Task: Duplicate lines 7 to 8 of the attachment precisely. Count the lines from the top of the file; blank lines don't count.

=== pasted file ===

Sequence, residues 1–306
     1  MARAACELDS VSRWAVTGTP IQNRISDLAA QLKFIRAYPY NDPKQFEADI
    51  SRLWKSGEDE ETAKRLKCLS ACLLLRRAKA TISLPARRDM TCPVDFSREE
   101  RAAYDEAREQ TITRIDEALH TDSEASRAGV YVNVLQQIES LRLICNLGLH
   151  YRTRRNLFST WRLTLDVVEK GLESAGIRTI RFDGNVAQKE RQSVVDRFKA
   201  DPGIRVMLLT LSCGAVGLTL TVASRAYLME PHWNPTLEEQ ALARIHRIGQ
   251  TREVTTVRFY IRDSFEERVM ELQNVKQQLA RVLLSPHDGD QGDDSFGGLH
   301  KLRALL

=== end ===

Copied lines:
   251  TREVTTVRFY IRDSFEERVM ELQNVKQQLA RVLLSPHDGD QGDDSFGGLH
   301  KLRALL